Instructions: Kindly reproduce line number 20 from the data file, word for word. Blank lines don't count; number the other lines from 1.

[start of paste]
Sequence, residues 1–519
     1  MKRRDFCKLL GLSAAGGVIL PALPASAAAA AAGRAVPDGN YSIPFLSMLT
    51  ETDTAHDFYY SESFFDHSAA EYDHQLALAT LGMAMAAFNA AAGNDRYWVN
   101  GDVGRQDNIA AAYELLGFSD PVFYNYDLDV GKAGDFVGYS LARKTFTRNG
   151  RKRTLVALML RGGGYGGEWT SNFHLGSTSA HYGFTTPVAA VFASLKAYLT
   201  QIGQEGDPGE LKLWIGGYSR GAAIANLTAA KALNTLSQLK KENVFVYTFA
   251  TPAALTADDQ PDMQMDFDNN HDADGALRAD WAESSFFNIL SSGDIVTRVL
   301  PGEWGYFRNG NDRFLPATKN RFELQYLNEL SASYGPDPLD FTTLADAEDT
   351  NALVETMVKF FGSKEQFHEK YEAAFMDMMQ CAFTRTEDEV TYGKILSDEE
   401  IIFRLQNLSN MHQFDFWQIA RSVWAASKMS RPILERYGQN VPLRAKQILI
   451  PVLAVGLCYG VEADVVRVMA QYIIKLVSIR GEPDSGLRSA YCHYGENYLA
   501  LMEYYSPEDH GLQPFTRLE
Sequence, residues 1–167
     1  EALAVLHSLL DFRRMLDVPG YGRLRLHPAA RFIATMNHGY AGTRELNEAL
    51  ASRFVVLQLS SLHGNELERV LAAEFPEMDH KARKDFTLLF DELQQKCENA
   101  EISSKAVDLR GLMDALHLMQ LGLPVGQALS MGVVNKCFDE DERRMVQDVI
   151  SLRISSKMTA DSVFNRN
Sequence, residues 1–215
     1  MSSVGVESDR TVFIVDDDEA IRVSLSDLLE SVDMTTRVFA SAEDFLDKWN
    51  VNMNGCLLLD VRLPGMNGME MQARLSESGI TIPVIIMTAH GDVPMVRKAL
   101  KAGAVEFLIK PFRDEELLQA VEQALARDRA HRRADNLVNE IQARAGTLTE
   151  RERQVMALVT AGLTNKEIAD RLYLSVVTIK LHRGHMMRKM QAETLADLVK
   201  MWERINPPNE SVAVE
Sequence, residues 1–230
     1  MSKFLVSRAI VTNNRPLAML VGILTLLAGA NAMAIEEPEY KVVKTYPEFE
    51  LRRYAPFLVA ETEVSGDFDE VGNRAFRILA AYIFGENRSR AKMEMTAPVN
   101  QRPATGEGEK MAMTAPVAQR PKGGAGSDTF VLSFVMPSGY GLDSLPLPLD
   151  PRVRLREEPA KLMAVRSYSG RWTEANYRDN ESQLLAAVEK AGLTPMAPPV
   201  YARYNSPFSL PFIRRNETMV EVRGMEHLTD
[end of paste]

    51  VNMNGCLLLD VRLPGMNGME MQARLSESGI TIPVIIMTAH GDVPMVRKAL